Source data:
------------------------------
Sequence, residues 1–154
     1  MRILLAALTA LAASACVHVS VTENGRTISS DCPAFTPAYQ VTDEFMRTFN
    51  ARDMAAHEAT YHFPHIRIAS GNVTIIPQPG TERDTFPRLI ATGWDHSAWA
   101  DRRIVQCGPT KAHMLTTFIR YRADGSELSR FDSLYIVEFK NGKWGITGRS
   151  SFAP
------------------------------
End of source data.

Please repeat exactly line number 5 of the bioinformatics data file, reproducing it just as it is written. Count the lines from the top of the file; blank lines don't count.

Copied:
   151  SFAP